There was nothing in Henry’s early years to indicate that he might be mentally unstable, but during early manhood he suffered from spells of excessive melancholy and depression which hindered his ability to lead a normal life. In the 1440s he was described as being ‘not steadfast of wit as other kings have been’, and prior to 1453, the year in which he suffered his first really incapacitating mental illness, several of his subjects were hauled before the justices, charged with having referred to the King as a lunatic, or even as being childish, for which they were punished. Given the state of England at that time, they might have been forgiven for believing such things. Henry VI was no lunatic, but we must conclude that his mental health was never very stable.

  Henry’s piety is legendary, yet the question now has to be asked: was he as pious as later writers, who supported Henry VII’s bid to have him canonised as a Lancastrian saint, would have it? The answer is probably not.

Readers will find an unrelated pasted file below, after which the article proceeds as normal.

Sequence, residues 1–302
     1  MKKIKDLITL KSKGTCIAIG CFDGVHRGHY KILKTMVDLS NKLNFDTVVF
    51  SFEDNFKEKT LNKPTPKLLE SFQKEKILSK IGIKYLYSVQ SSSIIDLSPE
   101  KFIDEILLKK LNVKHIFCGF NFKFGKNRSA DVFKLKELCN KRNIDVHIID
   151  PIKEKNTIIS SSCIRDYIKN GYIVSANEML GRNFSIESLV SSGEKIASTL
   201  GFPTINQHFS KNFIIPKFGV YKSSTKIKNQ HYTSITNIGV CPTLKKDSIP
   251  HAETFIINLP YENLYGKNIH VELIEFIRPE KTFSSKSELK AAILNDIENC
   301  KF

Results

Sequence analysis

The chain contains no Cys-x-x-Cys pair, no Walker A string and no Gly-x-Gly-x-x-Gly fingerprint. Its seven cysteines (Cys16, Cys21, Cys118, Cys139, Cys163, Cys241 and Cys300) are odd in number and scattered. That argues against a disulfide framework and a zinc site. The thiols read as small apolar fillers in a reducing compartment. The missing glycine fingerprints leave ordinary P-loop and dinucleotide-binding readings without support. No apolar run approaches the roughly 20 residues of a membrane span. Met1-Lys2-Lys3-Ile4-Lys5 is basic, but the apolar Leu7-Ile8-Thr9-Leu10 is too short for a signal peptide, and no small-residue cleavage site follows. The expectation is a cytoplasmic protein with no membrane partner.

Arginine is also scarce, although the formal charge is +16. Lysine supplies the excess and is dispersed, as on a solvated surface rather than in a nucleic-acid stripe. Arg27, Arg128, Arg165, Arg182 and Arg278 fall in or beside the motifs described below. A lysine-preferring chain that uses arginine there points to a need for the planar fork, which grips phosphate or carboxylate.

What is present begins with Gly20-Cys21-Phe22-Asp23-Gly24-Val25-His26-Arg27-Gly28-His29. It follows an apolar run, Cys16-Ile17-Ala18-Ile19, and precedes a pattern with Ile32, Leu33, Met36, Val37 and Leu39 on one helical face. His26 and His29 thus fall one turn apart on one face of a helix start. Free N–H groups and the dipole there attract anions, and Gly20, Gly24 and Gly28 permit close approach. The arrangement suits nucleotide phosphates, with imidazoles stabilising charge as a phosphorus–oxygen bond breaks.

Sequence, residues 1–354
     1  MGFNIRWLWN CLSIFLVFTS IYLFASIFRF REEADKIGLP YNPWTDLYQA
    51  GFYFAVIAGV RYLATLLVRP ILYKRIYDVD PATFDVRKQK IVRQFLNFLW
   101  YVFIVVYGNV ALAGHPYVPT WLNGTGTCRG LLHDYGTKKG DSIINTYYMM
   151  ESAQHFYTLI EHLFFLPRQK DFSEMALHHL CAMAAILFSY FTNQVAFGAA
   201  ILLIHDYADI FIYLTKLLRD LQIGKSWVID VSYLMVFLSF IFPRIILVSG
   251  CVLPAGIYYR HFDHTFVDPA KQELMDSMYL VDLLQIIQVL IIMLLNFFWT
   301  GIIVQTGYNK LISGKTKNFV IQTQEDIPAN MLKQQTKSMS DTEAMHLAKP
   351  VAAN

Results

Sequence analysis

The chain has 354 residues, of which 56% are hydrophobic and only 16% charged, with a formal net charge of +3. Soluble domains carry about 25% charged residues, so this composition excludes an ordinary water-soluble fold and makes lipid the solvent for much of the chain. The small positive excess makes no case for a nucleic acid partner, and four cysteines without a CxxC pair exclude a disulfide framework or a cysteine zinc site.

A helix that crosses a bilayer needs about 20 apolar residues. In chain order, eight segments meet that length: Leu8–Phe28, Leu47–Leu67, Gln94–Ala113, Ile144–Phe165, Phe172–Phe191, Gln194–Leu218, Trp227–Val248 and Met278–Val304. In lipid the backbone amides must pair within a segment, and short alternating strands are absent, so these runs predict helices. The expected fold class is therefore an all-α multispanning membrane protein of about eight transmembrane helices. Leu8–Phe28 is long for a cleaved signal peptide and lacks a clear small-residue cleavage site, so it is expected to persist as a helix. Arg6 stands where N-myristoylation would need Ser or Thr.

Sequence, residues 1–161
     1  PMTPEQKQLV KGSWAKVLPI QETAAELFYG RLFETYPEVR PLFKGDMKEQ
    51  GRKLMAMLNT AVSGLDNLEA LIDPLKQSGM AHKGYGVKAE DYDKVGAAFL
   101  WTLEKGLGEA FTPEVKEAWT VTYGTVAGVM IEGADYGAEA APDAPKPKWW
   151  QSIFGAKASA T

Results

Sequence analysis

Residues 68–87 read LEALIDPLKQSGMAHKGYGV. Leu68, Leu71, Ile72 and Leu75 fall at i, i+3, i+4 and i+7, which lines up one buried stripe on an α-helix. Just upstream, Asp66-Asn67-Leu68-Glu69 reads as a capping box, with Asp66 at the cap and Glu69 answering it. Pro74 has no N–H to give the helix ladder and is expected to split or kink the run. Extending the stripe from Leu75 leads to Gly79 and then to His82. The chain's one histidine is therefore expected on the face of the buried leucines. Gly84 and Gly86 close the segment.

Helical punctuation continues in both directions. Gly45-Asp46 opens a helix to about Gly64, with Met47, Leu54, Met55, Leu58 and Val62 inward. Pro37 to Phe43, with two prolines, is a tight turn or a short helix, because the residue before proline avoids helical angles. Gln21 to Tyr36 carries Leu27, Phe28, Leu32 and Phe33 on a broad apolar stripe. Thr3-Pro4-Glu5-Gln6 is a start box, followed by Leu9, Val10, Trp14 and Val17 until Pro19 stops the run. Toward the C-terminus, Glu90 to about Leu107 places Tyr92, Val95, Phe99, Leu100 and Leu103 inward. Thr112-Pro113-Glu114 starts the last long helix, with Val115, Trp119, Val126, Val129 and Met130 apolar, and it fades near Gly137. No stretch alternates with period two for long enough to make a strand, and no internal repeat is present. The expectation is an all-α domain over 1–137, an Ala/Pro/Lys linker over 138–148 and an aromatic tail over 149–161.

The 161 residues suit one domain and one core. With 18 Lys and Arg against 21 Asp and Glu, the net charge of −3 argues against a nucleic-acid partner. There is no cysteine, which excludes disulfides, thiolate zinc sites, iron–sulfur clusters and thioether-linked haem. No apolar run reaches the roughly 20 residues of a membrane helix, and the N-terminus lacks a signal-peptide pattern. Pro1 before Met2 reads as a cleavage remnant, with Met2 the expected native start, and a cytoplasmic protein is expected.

There is no doubt that Henry VI was a religious man and that his personal piety was genuine. Blacman says that, at the principal feasts of the year, ‘but especially at those when of custom he wore his crown’, he wore next to his skin a rough hair shirt. He was ‘a diligent and sincere worshipper of God, more given to devout prayer than to handling worldly things or practising vain sports or pursuits. These he despised as trifles.’ He feared God and avoided evil. He would not transact any business on Sundays or holy days, nor would he allow his courtiers to speak during services, bring their hawks into church, or wear their swords or daggers there, and he would remain on his knees throughout the service in perfect silence, his head bowed. When going about his daily duties he was constantly engaged in meditation and prayer, withdrawn into a world of his own to which he could retreat from the harsh realities of political life.